Germany′s top court rules nuclear fuel tax illegal | Business| Economy and finance news from a German perspective | DW | 07.06.2017
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Germany's top court rules nuclear fuel tax illegal

Shares in German utilities have jumped after the country's constitutional court ruled that a tax on nuclear fuel rods was illegal, boosting their chances of getting billions of euros back.

Germany's nuclear power operators scored a major victory on Wednesday when the Constitutional Court in Karlsruhe declared a tax on nuclear fuel rods as illegal, enabling utilities Eon, RWE and EnBW to claim back about six billion euros ($6.76 billion).

Shares in the three German energy majors jumped between 2.5 percent and 3.2 percent on the news, with traders citing the prospect of them getting their money back.

In a long-awaited verdict closely watched by investors and analysts, Germany's top court said the tax, which was imposed between 2011 and 2016, was "formally illegal and void." The verdict overrules a decision by the European Court of Justice last year saying the tax did not breach European Union laws.

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Germany's nuclear phase-out plan

Government setback

The fuel rod tax required firms to pay 145 euros per gram of nuclear fuel each time they exchanged a fuel rod, which usually happens about twice a year.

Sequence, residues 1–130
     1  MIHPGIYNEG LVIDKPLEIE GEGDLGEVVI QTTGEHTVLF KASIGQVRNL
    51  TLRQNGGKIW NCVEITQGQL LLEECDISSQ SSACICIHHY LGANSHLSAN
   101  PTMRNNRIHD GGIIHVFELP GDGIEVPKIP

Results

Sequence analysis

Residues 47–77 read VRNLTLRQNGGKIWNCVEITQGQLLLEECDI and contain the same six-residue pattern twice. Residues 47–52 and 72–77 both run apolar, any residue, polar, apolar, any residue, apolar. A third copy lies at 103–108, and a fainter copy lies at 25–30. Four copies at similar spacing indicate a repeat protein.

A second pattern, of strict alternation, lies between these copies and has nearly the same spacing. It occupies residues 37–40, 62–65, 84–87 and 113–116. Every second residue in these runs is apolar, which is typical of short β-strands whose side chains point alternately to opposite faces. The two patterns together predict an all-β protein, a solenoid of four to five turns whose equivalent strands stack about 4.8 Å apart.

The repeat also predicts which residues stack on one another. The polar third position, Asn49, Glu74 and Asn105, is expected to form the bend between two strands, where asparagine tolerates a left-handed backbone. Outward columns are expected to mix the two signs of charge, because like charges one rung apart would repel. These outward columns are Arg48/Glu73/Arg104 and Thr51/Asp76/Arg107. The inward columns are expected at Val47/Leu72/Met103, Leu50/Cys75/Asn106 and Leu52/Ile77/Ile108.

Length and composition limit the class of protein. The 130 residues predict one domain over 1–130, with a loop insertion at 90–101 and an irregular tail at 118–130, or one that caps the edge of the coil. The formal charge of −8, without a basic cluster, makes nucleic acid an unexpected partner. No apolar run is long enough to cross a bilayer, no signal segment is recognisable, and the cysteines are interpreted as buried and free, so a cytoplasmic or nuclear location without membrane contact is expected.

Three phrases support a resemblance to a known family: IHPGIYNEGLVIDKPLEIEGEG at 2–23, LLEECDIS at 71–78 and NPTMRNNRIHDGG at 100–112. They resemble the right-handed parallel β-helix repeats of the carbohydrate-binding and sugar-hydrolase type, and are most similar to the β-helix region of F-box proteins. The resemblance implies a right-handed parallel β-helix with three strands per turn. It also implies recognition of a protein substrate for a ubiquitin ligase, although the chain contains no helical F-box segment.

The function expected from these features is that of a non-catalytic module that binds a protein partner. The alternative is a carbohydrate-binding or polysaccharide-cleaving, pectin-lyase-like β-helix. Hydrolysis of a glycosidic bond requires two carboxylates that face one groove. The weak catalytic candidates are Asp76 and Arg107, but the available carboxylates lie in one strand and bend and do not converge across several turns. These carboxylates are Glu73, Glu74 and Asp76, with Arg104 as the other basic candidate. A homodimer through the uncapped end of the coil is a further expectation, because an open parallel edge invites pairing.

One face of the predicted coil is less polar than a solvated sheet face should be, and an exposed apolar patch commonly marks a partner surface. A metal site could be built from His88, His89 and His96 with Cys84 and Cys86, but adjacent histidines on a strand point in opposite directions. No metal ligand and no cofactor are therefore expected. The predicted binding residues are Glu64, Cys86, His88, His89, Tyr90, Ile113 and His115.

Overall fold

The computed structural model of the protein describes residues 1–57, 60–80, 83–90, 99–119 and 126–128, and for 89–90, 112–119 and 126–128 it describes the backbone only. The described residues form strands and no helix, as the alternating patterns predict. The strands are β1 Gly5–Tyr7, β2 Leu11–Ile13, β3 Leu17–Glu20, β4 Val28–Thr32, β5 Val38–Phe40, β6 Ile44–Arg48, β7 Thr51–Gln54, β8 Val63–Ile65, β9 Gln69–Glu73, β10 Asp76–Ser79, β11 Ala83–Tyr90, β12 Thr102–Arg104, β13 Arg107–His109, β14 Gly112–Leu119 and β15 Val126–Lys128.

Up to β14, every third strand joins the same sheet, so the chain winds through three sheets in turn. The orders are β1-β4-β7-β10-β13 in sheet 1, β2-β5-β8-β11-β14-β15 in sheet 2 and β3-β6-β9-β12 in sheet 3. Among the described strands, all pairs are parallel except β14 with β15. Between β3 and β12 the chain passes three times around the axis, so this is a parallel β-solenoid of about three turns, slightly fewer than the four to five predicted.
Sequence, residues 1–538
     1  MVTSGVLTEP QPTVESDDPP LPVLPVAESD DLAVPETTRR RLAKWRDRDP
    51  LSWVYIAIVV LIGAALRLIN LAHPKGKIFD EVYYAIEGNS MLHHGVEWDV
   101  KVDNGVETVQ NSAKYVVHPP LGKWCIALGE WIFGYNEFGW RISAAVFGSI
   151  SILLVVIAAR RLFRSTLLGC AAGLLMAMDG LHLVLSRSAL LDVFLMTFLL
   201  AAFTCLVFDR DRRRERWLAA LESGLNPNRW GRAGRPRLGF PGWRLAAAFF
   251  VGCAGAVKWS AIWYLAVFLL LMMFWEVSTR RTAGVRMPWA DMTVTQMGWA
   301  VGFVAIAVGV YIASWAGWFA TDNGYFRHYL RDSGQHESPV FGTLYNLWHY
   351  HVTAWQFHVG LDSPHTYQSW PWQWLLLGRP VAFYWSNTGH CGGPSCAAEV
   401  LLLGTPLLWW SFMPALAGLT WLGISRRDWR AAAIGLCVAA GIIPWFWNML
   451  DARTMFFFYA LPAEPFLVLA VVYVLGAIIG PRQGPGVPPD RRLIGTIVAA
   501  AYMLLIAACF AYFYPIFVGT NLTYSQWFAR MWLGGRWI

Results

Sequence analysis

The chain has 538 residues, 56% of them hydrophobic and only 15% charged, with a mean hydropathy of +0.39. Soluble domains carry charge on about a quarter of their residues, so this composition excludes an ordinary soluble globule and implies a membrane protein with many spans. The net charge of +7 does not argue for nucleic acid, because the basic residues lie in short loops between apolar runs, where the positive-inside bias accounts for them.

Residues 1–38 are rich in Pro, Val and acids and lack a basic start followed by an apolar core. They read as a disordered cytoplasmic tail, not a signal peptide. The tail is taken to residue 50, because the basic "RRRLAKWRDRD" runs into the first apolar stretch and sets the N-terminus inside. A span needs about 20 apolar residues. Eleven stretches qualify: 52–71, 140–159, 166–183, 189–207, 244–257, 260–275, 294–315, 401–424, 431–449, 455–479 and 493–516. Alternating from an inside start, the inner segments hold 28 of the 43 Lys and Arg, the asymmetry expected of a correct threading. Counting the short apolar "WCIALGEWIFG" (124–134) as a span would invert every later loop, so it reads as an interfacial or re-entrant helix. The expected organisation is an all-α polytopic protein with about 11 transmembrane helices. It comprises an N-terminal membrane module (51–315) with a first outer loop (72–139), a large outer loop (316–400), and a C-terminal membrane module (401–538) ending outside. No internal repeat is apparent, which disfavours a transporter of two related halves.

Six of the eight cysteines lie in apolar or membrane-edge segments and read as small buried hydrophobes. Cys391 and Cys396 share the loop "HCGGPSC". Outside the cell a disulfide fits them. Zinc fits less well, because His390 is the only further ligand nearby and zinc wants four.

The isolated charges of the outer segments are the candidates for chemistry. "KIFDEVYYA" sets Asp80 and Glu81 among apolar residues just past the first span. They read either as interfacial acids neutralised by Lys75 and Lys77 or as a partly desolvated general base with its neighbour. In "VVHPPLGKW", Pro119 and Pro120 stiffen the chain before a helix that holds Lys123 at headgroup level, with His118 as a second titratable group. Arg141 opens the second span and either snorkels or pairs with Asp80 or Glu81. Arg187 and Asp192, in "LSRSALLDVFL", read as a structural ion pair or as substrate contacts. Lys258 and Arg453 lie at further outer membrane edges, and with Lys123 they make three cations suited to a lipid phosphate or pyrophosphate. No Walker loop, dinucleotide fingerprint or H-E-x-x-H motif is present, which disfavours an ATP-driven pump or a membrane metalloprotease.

Eon said it had paid about 2.8 billion euros between 2011 and 2016, while RWE and EnBW claimed they had paid 1.7 billion euros and 1.44 billion euros, respectively.

The tax was expected to raise more than 2 billion euros in annual government revenue and came in exchange for a pledge by Chancellor Angela Merkel to extend the lives of the country's then 17 operating nuclear reactors beyond 2022 - the date fixed under Germany's original nuclear phase-out plan.

But after the 2011 Fukushima power plant disaster in Japan, Merkel reviewed its nuclear policy, deciding to speed up the nuclear phase-out, and ordering the immediate shutdown of eight of the reactors. The nuclear fuel tax, however, wasn't stopped until 2016.

The verdict marks the second victory by German utilities over the country's nuclear policy. The court in December ruled that a decision to shut down all nuclear plants following Japan's Fukushima disaster violated some of their property rights. The decision has paved a way for the utilities to claim back stranded investments and power production rights.

uhe/jd (Reuters, dpa)


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